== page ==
This weekly brief highlights the latest Threat Intelligence: Evidence-based knowledge about an existing hazard designed to help organizations understand the risks common and severe external threats, used to inform decisions regarding the subject’s response. LookingGlass Cyber (n) - Actionable, relevant, and timely information that can help when assessing the security posture of an organization. A little more left. No no, that’s now too far... news to provide insight into the latest threats to various industries.
“House Democrats recently requested the U.S. Government Accountability Office (GAO) to investigate Cybersecurity: A set of security techniques that are designed to protect the integrity of computer systems, programs and data from theft and damage to their hardware, software or other information as well as the disruption and misappropriation of their services. LookingGlass Cyber (n) - Professional paid ninjas who protect the cyber world from cyber attacks. Everybody is doing it, but we have the double black belt with the Versace logo. So yeah, we’re really good. issues related to the U.S. electricity grid. the request appears to be in reaction to multiple attacks against U.S. infrastructure components that have been launched by hackers from Russia, China, Iran and North Korea, the lawmakers said, citing the Department of Homeland Security. These hackers have been implicated in attacks against U.S. nuclear power plants and other elements of the electric grid. In 2017, DHS issued a directive banning the use of Moscow-based Kaspersky Lab computer security products by U.S. government agencies due to concerns that Russian intelligence agencies may influence the company. However, this directive does not apply to the operators of U.S. public utility companies. In the letter, the Democratic lawmakers are asking the GAO to evaluate cybersecurity risks to the electric grid. They also want to know if electric utilities have cybersecurity staff and training and whether they are employing best practices and implementing cybersecurity standards. Further, they want to know if these utilities use Kaspersky Lab products.”
“Researchers have released a vaccine app that blocks the GandCrab Ransomware: A type of malware that serves as a form of extortion by one party on a group of persons or organizations. Oftentimes takes the form of encrypting a victim’s hard drive denying them access to files or other information with demands taking the form of a ransom before access is restored. LookingGlass Cyber (n) - when an organization, group, or hacker takes control of your system to extort a user or organization for money. Ch-ching! from taking root and encrypting users’ files. This vaccine app works by creating a special file on users’ computers that the GandCrab ransomware checks before encrypting user data. This file is named [hexadecimal-string].lock and is saved. The hexadecimal ID is generated based on the computer’s volume information of the root drive and a custom Salsa20 algorithm and is unique per user. GandCrab creates this file to know if a computer has already been infected and prevent users from running the ransomware executable twice and double-encrypting and permanently destroying their data. The vaccine app can create this file in advance, before a user might get infected, hence tricking the ransomware into thinking it has already locked the victim’s data. Unfortunately, this vaccine app works only with the latest version of the GandCrab ransomware, version 4.1.2, the version that’s currently distributed in the wild since this week, July 17.”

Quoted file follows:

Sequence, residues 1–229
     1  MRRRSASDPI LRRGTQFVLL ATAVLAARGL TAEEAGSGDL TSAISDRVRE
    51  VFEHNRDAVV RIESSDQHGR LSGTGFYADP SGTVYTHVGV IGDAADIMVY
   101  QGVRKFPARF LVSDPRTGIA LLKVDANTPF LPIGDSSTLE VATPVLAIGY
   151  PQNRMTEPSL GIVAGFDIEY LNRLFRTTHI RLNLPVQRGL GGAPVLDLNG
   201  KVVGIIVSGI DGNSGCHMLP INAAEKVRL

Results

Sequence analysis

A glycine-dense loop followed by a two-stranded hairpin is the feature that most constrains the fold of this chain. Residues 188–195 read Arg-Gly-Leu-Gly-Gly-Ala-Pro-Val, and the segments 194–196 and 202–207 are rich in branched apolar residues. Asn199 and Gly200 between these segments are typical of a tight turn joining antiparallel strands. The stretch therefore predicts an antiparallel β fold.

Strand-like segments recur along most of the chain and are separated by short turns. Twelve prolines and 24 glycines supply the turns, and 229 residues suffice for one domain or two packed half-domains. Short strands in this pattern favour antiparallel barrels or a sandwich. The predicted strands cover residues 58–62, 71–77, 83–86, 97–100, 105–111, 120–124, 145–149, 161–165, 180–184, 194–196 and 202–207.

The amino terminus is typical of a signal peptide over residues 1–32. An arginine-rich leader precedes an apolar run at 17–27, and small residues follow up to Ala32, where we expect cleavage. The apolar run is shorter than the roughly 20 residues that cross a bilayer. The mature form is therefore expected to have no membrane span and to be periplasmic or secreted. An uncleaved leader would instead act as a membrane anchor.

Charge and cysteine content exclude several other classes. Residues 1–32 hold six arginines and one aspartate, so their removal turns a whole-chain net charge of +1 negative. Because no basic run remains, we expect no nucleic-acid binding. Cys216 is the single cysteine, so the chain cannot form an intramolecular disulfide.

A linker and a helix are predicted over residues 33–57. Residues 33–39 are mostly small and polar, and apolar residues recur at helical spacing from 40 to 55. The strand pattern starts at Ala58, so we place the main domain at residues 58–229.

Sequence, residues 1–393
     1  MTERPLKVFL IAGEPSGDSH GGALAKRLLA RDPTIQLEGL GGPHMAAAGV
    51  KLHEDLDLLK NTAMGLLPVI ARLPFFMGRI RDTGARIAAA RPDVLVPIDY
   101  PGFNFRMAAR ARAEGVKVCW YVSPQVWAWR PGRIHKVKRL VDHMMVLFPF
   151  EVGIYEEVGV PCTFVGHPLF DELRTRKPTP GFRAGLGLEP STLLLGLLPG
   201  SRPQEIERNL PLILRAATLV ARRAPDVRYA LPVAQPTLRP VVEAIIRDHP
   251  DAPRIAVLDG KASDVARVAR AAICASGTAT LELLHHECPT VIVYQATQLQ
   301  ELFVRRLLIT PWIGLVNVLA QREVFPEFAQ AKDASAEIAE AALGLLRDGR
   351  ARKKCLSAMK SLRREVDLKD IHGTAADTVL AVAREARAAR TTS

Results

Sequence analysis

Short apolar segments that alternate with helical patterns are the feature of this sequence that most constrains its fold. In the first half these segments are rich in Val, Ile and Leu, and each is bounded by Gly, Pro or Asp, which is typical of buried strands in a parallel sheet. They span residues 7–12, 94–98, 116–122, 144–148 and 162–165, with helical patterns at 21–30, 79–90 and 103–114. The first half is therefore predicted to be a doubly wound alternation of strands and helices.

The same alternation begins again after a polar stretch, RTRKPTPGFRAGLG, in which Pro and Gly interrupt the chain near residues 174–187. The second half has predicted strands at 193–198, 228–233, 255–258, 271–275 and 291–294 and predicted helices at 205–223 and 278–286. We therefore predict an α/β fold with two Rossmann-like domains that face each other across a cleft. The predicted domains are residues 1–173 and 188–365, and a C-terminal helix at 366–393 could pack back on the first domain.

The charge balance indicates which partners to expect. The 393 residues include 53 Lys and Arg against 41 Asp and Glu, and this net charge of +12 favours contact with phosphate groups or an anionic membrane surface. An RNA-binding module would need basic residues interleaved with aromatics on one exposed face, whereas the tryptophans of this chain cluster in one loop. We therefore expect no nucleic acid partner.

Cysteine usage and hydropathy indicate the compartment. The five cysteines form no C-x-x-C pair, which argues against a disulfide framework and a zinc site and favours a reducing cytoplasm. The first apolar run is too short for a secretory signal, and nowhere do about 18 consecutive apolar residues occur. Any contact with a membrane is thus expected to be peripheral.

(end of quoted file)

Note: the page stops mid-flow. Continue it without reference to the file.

Information Security Risk
“Hackers have stolen personal data in Singapore belonging to some 1.5 million people, or about a quarter of the population, officials say. They broke into the government health database in a “deliberate, targeted and well-planned” attack, according to a government statement. Those targeted visited clinics between 1 May 2015 and 4 July of this year. Data taken include names and addresses but not medical records, other than medicines dispensed in some cases. “Information on the outpatient dispensed medicines of about 160,000 of these patients” was taken, the statement says. “The records were not tampered with, i.e. no records were amended or deleted. No other patient records, such as diagnosis, test results or doctors’ notes, were breached. We have not found evidence of a similar breach in the other public healthcare IT systems.” The data of a senior Singapore government official, including information on his outpatient dispensed medicines, was “specifically and repeatedly targeted”.”
“A notorious hacker group known as MoneyTaker has stolen roughly $1 million from a Russian bank after breaching its network via an outdated router. The victim of the hack lost at least $920,000 in money it had stored in a corresponding account at a separate Russian bank. A Russian cyber-security firm that was called in to investigate the incident, says that after studying infected workstations and servers at the affected bank, they collected “irrefutable digital evidence implicating MoneyTaker in the theft.” Experts tied the group to thefts at US, UK, and Russian banks and financial institutions going back as far as 2016. According to researchers, the MoneyTaker attacks that hit banks were focused on infiltrating inter-banking money transfer and card processing systems such as the First Data STAR Network and the Automated Work Station Client of the Russian Central Bank (AWS CBR) system.”